Climate Action Pilgrims Trace 150-Mile Pipeline Route

Apr 3, 2015

The essentials for a 12-day, 150-mile trek.
Credit Jim Levulis / WAMC

Thanks to Chaucer’s Canterbury Tales, April brings pilgrims to mind. Now, a group of people are days into their 12-day trek along the route of a proposed pipeline in Massachusetts and New Hampshire. WAMC’s Berkshire Bureau Chief Jim Levulis went along for a step on the pipeline pilgrimage.

With some resistance from the wind, the ringing church bells welcomed the travelers to their first resting stop on their 150-mile path.

“I welcome you all to First Congregational Church of Dalton,” said interim pastor Quentin Chin.

Having walked about five miles on day one from Pittsfield to Dalton, about 20 people sat down for a potluck dinner of lasagna, soup and vegetables.

Heading the pilgrimage is Jay O’Hara, who leads his fellow marchers in a moment of silence as they hold hands in a circle before sitting down to eat in the church’s dining hall. 

“Why don’t we have of gratitude and thanks for this bounty and for the walkers and for this beautiful day we had to walk in,” said O’Hara to the group.

The group holds hands before sitting down to eat at First Congregational Church of Dalton.
Credit Jim Levulis / WAMC

Pilgrimage leaders O’Hara and Meg Klepack are both Quakers and part of a faith-based climate action working group. O’Hara says the march is Quaker-led, but open to all faiths.

“Faith is the turning of dreams into deeds,” O’Hara said. “It is essentially acting on the unseen realities. Climate is like the ultimate unseen reality. So then the faith is the turning of our dreams of the world that we need, dealing with the nightmares of those dreams that could be if we keep down this path and turning our lives into the deeds that are going to change it.”

People from around the region and country, some of whom have taken part in earlier climate marches, are joining in. Along the way, the group participates in Quaker-based worship, which involves periods of silence of up to 30 minutes at a time. Klepack says faith plays a role for her by helping her realize everyone shares the climate, adding that it’s a daunting crisis that requires soul searching and listening.

Before stepping off on the 12-day trek, the group gathers for silent worship at South Congregational Church in Pittsfield.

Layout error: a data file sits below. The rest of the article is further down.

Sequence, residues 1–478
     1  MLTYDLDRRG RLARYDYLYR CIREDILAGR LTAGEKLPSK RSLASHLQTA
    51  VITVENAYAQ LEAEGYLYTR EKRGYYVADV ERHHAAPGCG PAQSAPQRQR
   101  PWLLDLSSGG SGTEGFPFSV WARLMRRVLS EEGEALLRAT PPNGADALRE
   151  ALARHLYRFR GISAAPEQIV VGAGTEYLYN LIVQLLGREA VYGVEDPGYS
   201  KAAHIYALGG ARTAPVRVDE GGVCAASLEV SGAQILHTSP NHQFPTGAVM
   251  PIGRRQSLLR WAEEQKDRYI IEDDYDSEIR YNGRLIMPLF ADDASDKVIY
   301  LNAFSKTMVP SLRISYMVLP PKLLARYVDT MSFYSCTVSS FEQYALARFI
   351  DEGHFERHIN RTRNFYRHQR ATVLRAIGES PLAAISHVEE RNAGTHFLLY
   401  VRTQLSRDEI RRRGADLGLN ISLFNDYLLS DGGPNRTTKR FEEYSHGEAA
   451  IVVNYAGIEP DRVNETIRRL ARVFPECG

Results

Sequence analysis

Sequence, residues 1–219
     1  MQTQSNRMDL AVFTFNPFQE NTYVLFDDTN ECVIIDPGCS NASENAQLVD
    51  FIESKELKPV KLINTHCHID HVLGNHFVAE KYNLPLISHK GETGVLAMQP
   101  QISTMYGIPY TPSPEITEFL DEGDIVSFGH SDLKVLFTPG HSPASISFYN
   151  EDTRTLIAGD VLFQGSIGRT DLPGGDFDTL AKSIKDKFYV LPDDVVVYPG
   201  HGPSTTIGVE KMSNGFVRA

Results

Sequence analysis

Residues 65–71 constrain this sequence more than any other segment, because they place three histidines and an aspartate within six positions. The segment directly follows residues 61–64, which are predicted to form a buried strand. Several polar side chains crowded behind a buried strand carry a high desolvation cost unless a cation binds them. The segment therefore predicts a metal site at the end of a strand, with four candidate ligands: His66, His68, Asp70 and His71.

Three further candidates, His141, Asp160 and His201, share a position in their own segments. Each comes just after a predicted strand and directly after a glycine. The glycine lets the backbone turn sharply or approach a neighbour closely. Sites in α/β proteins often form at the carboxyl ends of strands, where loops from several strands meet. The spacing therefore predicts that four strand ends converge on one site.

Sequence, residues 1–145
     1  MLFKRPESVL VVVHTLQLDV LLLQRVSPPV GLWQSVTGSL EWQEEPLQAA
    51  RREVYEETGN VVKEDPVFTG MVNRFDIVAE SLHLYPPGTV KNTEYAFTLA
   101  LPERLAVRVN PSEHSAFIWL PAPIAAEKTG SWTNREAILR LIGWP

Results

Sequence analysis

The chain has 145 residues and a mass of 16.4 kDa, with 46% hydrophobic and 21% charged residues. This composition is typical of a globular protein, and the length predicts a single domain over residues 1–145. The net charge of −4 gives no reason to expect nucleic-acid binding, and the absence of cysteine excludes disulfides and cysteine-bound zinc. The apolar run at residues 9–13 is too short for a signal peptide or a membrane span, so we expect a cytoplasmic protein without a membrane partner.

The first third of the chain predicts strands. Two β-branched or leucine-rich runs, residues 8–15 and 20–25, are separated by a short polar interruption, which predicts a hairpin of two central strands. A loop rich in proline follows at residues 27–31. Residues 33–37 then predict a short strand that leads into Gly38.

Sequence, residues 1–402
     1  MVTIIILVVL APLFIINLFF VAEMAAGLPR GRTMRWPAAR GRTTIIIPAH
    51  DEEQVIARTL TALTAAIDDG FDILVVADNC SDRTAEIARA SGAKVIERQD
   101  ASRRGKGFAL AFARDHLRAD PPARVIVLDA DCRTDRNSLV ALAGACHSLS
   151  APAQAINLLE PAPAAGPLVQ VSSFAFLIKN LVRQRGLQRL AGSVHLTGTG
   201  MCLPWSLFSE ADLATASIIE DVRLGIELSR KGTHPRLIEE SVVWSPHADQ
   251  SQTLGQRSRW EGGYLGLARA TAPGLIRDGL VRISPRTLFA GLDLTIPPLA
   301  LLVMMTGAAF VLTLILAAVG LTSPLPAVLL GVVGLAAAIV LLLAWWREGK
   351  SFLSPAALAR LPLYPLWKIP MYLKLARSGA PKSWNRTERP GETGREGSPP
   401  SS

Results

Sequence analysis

Credit Jim Levulis / WAMC

“To hear what is mine and to understand what is being asked of us individually in this time of crisis,” Klepack said. “Is living a typical conventional life style appropriate given the scale and complexity of the climate crisis? Yet we know that no individual can solve this problem on their own so listening deeply for what is mine within the scope of what needs to be done is very important.”

O’Hara and Klepack are two of a core group of three that has set out to walk the entire Massachusetts and New Hampshire portions of the proposed Northeast Energy Direct pipeline. Kinder Morgan is aiming to build what could be a 36-inch pipe, each day carrying 2.2 billion cubic feet of gas fracked from the Marcellus Shale to a distribution hub in Dracut. The company insists its customers, regional energy companies, are calling for more pipeline capacity to lower energy costs. Aside from environmental concerns, opponents say the pipeline’s gas would be exported to Kinder Morgan’s benefit. According to the company, if everything stays on schedule including federal regulatory approval the pipeline would be in service by late 2018.  

Stopping to eat, meet and sleep at community and religious centers along the way, the pilgrims intend to meet with others opposing the pipeline or just interested in what they have to say. Karen Ribeiro of Amherst is on the steering committee of Climate Action Now, which opposes the project. Her pilgrimage will last more than 40 miles from Pittsfield to Deerfield.

“I wanted to just have a visceral experience of the route and walk the land myself,” said Ribeiro.

While he says they didn’t plan it that way, O’Hara adds the pilgrimage is timely as many other religions are celebrating Holy Week.

“The climate situation presents us with that question of – we have a way of being in the world of burning fossils unhindered and that way has to die and be put in the ground,” O’Hara said. “The question is how we are going to live into the new life of what comes next.”

And, as for their equipment…

“A pair of clothes to walk in and a pair of clothes to change into when we got to the place and a sleeping bag and a toothbrush and that’s about it,” explained Klepack.

The core group members plan to arrive in Dracut, the end of the proposed pipeline, on April 12th.

Click here for more information about the pipeline pilgrimage.